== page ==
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State watchdogs band together to take on ‘dark money’

Following the money (Stock photo) Following the money (Bigstock)

A group of watchdog organizations will roll out a new multi-state effort to share information and best practices on campaign finance legislation Thursday, the first step in an effort to force organizations that spend millions on political activity to disclose their donors.

The States’ Unified Network Center will begin as a Web presence to highlight proposed legislation and standing campaign finance law. The group will also organize a database of nonprofit groups that spend money in state elections, in hopes of stitching together the state-by-state patchwork of campaign finance databases.

“This collaboration will enable us to make major inroads in improving the transparency of donors,” said Ann Ravel, chairwoman of the California Fair Political Practices Commission. “Ultimately, the group could go in many other directions, such as joining enforcement matters, potentially joining in some sort of pressure groups of states with the federal government.”

State-run campaign finance groups in 10 states, including New York, California, Alaska, Idaho, Maine, Montana, Maryland, Massachusetts, Washington and Iowa, along with New York City, will form the SUN Center, which begins as an informal working group. Ravel decided to push for a nationwide alliance after an outside group that didn’t have to report its donors spent millions against a tax initiative on the ballot in 2012.

That group, Americans for Responsible Leadership, got the $11 million it spent on the initiative from a series of other so-called dark money organizations — nonprofits operating under sections 501(c)(3), 501(c)(4) and 501(c)(6) of the tax code, all of which are able to undertake different amounts of political spending without filing reports with the Federal Election Commission. ARL’s money came from Americans for Job Security and the Center to Protect Patient Rights, two groups funded through the network operated by the conservative Koch brothers.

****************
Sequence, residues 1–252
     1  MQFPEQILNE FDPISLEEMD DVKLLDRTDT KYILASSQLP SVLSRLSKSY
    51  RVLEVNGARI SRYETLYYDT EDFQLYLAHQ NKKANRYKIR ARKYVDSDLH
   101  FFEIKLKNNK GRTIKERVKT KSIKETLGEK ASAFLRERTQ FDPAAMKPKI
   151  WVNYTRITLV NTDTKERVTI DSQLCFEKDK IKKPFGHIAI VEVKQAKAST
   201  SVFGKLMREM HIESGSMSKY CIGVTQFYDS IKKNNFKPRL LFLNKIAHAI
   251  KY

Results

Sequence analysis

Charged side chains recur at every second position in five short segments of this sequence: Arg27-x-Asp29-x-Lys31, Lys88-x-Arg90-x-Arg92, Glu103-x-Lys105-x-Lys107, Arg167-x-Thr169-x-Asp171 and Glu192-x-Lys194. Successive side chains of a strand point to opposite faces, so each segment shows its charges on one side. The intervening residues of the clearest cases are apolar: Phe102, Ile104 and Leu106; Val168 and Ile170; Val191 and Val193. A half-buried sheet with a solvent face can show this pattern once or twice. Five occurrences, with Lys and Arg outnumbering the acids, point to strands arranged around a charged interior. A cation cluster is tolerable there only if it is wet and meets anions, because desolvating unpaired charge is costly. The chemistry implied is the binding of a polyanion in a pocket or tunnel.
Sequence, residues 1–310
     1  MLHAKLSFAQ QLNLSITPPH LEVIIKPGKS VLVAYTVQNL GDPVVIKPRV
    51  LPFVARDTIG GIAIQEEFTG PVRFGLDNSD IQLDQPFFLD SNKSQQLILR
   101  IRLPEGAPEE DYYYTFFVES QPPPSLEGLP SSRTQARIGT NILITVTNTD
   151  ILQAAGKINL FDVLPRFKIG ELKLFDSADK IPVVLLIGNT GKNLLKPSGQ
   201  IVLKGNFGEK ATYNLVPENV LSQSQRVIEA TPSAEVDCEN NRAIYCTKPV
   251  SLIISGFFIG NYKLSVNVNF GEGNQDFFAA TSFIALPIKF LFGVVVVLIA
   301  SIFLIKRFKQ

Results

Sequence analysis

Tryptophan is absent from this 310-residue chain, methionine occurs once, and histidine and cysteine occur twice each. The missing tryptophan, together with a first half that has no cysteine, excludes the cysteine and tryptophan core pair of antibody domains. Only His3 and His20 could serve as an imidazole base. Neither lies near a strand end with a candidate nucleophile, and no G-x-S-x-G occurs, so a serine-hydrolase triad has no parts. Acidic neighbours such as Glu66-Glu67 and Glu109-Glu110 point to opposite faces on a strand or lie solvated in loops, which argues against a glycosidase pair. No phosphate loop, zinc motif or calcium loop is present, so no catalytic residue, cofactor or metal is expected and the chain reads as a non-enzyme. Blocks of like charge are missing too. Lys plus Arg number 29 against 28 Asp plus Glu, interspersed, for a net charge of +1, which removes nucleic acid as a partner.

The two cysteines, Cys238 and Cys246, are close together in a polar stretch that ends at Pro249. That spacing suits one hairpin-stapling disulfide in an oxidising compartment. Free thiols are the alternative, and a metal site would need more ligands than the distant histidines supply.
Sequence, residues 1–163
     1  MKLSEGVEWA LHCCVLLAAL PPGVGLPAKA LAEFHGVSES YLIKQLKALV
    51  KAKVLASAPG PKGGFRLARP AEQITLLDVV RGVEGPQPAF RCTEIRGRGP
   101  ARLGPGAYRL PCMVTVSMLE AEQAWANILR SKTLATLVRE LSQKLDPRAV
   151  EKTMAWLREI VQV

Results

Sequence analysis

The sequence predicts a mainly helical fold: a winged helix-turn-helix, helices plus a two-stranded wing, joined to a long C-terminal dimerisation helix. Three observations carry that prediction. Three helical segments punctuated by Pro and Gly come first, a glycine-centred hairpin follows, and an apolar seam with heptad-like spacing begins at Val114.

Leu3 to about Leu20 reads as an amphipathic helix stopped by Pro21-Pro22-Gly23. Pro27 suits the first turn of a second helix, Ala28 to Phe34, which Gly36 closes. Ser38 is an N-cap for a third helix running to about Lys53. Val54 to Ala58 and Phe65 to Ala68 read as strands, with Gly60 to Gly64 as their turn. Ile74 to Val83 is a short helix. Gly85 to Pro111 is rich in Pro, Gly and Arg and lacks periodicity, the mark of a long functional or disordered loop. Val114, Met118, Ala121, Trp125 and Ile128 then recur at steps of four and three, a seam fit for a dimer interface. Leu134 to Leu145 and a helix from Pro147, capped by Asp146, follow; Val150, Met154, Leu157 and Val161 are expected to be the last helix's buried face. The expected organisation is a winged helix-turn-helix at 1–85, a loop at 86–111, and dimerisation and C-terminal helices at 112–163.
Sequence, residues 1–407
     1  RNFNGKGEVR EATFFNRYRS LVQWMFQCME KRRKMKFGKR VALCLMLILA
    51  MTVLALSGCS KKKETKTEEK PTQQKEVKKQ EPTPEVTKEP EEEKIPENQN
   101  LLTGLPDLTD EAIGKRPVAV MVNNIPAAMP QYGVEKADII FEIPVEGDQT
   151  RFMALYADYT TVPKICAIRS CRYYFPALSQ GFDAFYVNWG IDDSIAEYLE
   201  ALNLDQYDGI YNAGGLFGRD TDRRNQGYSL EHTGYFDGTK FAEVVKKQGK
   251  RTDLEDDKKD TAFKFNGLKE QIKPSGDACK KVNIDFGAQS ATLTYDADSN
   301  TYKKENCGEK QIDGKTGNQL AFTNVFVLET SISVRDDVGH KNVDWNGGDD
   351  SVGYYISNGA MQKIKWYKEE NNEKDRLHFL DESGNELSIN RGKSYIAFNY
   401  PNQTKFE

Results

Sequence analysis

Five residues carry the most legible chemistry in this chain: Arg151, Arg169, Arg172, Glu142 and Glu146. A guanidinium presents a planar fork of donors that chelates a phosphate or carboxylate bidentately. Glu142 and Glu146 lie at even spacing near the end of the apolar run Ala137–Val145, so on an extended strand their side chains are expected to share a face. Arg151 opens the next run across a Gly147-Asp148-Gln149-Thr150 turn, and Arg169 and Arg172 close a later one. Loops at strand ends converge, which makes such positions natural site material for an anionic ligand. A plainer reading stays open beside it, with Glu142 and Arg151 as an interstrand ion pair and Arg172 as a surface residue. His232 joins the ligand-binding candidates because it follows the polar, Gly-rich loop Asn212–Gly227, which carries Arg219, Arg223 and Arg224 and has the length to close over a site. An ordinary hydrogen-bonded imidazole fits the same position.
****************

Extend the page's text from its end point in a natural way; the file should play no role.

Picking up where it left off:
Americans for Responsible Leadership didn’t have to disclose its donors after making its first expenditure on the initiative, under a provision of California law known as the first-bite rule. The California state Senate eliminated that rule this year.

The SUN Center will highlight bills aimed at forcing those organizations to file reports disclosing their funding sources when they spend money on state races. Under federal campaign finance law, outside groups must file when they spend money on a federal race, but state laws vary widely.

Ravel said she wanted to form a bipartisan coalition, which meant attracting red states such as Alaska and Idaho along with blue states like Washington and Massachusetts.

“Some are red states, some are blue states. They have all got the same issue and are concerned about the same issue,” she said.

But the coalition will lose its champion in just a few weeks. Ravel and Republican appointee Lee Goodman were confirmed to seats on the Federal Election Commission by a voice vote in the Senate last week. The two will take their seats in late October, Ravel said, adding that she and Goodman seem to see eye to eye on transparency issues.

“Clearly, I’m not going to be able to participate in the task force of states, but I think that transparency and disclosure and getting information to the public is really important,” Ravel said. At her confirmation hearing, she said, Goodman “and I both agreed about that, so hopefully he and I can work together to achieve those goals.”

Reid Wilson covers national politics and Congress for The Washington Post. He is the author of Read In, The Post’s morning tip sheet on politics.



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Reid Wilson · October 2, 2013

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